The opinion of the court was delivered by: John E. Mcdermott United States Magistrate Judge
MEMORANDUM OPINION AND ORDER AFFIRMING DECISION OF THE COMMISSIONER OF SOCIAL SECURITY PROCEEDINGS
On July 30, 2010, Plaintiff J.P., by and through his guardian ad litem, Lorenza Ramirez, filed a complaint seeking review of the decision of the Commissioner of Social Security ("Commissioner") denying Plaintiff's application for Social Security child survivor benefits. The Commissioner filed an Answer on February 3, 2011. On May 16, 2011, the parties filed a Joint Stipulation ("JS"). The matter is now ready for decision.
Pursuant to 28 U.S.C. § 636(c), both parties consented to proceed before this Magistrate Judge. After reviewing the pleadings, transcripts, and administrative record ("AR"), the Court concludes that the Commissioner's decision should be affirmed and the case dismissed with prejudice.
Claimant Jevon A. Pratt ("Claimant" or "Plaintiff" or "J.P.") is stated to be the minor child of the deceased wage earner, Jerome Anthony Pratt. The application for survivor's benefits filed on his behalf was denied initially on June 14, 2006, and on reconsideration on August 10, 2006. (AR 16.) Claimant's mother, Lorenza Ramirez, then timely requested a hearing. She failed to appear for a hearing scheduled on July 10, 2007, because she was ill but appeared and testified at a hearing held on January 14, 2008, in Pasadena, California. (AR 16.) She was not represented by counsel. (AR 16.)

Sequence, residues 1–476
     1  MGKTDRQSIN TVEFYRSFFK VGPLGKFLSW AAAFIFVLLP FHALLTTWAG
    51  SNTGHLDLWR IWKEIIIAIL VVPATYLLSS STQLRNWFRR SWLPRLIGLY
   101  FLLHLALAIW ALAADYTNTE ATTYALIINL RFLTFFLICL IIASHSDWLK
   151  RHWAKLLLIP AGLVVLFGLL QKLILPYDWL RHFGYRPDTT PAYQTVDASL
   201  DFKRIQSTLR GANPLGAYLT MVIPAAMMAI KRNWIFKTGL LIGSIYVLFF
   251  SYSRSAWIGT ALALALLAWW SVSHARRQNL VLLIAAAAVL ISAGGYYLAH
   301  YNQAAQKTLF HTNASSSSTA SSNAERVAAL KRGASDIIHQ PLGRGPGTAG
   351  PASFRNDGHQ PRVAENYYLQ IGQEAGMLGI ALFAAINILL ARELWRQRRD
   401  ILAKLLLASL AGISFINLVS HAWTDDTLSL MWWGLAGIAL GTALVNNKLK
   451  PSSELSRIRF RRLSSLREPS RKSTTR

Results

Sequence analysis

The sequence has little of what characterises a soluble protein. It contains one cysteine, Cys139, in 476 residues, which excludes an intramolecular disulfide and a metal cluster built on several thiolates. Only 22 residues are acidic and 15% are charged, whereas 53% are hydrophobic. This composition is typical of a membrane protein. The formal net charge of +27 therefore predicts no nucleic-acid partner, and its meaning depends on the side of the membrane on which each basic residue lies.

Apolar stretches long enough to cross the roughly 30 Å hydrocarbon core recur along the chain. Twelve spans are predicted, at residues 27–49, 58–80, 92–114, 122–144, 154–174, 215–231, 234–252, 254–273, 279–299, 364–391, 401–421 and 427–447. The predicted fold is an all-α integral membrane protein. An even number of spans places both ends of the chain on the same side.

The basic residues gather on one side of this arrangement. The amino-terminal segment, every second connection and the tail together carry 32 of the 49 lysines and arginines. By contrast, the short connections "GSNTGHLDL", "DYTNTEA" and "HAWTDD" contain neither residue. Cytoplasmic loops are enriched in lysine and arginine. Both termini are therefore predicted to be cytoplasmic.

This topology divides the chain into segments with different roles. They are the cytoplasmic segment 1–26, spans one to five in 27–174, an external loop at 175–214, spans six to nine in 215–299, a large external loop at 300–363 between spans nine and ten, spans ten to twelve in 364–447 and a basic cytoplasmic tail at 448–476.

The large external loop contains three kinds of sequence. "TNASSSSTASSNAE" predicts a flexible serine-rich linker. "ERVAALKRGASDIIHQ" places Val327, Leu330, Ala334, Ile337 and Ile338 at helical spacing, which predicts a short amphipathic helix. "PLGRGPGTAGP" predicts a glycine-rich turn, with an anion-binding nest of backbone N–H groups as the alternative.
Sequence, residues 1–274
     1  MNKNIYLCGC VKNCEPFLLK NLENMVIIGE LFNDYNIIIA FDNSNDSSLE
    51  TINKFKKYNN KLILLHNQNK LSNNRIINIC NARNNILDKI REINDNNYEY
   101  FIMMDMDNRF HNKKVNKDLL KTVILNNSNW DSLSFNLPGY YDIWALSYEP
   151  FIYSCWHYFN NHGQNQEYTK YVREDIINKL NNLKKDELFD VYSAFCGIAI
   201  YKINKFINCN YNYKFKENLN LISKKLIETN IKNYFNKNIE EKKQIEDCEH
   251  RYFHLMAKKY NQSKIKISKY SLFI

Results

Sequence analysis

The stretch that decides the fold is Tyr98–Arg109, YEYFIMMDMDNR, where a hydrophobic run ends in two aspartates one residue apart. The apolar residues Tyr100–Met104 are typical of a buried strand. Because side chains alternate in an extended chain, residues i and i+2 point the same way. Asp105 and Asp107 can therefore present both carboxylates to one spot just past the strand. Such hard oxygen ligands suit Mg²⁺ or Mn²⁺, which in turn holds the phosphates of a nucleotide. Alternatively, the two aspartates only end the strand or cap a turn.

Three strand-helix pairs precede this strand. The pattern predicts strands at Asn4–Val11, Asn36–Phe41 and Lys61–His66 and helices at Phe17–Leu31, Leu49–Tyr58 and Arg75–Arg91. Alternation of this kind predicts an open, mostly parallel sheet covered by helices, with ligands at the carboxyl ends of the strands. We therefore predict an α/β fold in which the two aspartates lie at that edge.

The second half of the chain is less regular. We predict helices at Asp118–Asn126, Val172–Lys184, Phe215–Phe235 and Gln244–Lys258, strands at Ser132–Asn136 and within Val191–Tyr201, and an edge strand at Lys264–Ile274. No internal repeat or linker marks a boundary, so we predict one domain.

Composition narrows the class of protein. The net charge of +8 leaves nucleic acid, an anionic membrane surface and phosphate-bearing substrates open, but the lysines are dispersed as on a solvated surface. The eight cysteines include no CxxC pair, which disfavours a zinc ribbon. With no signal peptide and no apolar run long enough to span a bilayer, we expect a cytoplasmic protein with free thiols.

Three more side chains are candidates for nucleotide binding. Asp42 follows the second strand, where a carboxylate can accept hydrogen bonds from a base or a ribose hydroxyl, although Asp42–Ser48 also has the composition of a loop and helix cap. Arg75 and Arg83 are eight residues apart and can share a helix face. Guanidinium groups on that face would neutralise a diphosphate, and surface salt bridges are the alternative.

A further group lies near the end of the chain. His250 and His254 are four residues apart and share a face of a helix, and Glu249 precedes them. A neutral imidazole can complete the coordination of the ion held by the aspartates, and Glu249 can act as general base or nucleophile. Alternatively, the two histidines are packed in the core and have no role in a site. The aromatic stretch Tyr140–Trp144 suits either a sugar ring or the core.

Administrative Law Judge ("ALJ") Richard Urban issued a decision on January 24, 2008, finding that J.P. is not entitled to Social Security survivor's benefits. (AR 16-19.) The Appeals Council denied the request for review on April 28, 2010. (AR 6-10.)
As reflected in the Joint Stipulation, the only issue Plaintiff raises as a ground for reversal and remand is as follows:
1. Whether the ALJ properly considered application of California law to the issue of paternity presented.
Under 42 U.S.C. § 405(g), this Court reviews the ALJ's decision to determine whether the ALJ's findings are supported by substantial evidence and free of legal error. Smolen v. Chater, 80 F.3d 1273, 1279 (9th Cir. 1996); see also DeLorme v. Sullivan, 924 F.2d 841, 846 (9th Cir. 1991) (ALJ's disability determination must be supported by substantial evidence and based on the proper legal standards).
Substantial evidence means "'more than a mere scintilla' . . . but less than a preponderance." Saelee v. Chater, 94 F.3d 520, 521-22 (9th Cir. 1996) (quoting Richardson v. Perales, 402 U.S. 389, 401 (1971)). Substantial evidence is "such relevant evidence as a reasonable mind might accept as adequate to support a conclusion." Richardson, 402 U.S. at 401 (internal quotations and citation omitted).
This Court must review the record as a whole and consider adverse as well as supporting evidence. Robbins v. Soc. Sec. Admin., 466 F.3d 880, 882 (9th Cir. 2006). Where evidence is susceptible to more than one rational interpretation, the ALJ's decision must be upheld. Morgan v. Comm'r, 169 F.3d 595, 599 (9th Cir. 1999). "However, a reviewing court must consider the entire record as a whole and may not affirm simply by isolating a 'specific quantum of supporting evidence.'" Robbins, 466 F.3d at ...